Having the surgery was one of the best decisions I’ve made in my life. Some days when I look at myself in the mirror and actually see my torso, I can’t believe there was a time when I couldn’t. There was so much body and so much beauty behind those breasts that I almost forgot about. And I no longer have to worry about feeling inconvenienced doing basic things which might not seem monumental to others, but are for me. There’s a sense of freedom and control that I gained after the operation. I see the scars and my slightly distorted nipples every day and I just breathe a sigh of relief that I survived the eight-hour operation, the weeks of no showering, and the months of pain, immobility, and helplessness.

What lessons have you learned from your breast reduction journey?

I was self-conscious growing up because of how disproportionate my body was. Society told me to embrace my breasts because they’re a “gift” and a “blessing”; in return I had to deal with disrespectful strangers gawking at them, and pain, of course. I tried to accept them as a way to redefine what “sexy” and “confident” meant to me, but at the end of the day, they were too big a burden to carry—literally.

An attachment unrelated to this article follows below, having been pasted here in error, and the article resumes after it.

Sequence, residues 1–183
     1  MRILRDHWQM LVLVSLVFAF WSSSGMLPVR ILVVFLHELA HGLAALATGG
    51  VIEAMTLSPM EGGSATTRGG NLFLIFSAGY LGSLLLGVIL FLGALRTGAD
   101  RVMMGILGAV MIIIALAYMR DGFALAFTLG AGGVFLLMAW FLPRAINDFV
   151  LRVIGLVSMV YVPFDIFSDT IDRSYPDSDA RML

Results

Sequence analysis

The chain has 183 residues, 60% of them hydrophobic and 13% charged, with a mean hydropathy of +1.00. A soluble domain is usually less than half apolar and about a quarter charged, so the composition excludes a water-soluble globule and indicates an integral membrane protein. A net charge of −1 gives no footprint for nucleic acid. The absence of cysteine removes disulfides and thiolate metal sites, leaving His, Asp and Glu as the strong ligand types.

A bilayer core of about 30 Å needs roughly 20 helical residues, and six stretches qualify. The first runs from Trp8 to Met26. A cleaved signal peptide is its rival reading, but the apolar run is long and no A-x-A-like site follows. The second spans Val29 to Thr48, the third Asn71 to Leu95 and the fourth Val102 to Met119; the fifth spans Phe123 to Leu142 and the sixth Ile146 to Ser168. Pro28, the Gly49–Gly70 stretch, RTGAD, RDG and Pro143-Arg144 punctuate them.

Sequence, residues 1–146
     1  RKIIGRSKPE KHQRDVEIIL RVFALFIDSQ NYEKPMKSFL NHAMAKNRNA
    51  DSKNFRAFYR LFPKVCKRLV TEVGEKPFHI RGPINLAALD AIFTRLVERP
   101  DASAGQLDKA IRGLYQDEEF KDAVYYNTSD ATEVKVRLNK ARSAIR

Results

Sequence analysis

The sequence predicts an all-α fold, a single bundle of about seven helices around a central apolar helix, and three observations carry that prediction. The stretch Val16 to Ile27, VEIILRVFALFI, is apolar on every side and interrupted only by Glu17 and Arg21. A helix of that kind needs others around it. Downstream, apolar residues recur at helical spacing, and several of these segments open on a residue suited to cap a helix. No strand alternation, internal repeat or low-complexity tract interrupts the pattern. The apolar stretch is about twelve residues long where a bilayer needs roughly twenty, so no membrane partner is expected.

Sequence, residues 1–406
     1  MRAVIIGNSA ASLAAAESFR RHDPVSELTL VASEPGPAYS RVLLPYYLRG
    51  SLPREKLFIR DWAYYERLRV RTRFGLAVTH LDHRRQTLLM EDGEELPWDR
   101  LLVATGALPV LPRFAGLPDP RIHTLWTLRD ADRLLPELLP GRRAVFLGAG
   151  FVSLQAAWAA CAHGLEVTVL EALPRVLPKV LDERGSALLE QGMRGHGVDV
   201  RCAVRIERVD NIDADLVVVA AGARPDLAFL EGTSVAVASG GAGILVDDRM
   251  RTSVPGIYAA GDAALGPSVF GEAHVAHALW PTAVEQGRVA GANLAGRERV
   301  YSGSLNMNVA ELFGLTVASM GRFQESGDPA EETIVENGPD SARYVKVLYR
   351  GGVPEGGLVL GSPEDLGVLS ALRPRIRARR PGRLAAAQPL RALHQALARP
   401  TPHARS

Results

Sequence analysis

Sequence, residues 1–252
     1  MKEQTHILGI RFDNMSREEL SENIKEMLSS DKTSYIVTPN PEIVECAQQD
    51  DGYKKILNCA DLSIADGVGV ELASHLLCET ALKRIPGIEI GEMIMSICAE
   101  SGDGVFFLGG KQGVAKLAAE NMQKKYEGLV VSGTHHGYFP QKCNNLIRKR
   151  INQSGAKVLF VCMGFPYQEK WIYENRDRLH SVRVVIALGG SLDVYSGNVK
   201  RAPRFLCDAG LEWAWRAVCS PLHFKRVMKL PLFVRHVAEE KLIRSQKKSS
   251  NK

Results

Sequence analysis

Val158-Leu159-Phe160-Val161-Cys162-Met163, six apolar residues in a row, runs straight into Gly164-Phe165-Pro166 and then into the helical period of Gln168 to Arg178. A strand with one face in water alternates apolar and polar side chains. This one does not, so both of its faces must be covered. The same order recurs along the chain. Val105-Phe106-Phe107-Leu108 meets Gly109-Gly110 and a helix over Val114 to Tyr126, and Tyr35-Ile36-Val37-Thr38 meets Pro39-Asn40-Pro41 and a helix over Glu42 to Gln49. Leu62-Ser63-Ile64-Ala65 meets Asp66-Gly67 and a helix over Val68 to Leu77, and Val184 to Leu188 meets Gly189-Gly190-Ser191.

What I got from the conversations I had about the surgery is that a woman wanting a breast reduction, and the procedure itself, are very uncommon, even more so for Filipinas because of our body type. It’s expensive, too. Because of these, I guess, it does not seem like an option to many.

Furthermore, women’s breasts have always been sexualized, such that looking at them in ways that don’t relate to their being part of the beauty standard is uncommon and surprising to many. There’s ignorance with regards to breasts as a source of nutrients, similar to how there’s oblivion with regards to breasts as a source of pain. The reactions in relation to how my boyfriend feels about the whole thing were telling as well.

While I completely understand the certain implications of a procedure like that in a relationship, I guess as a society, we have much to understand and accept about women’s autonomy over their bodies. As women, we have to make these decisions for ourselves, and such decisions must not be understood or accepted in the context of our relationship with men.


*Name has been changed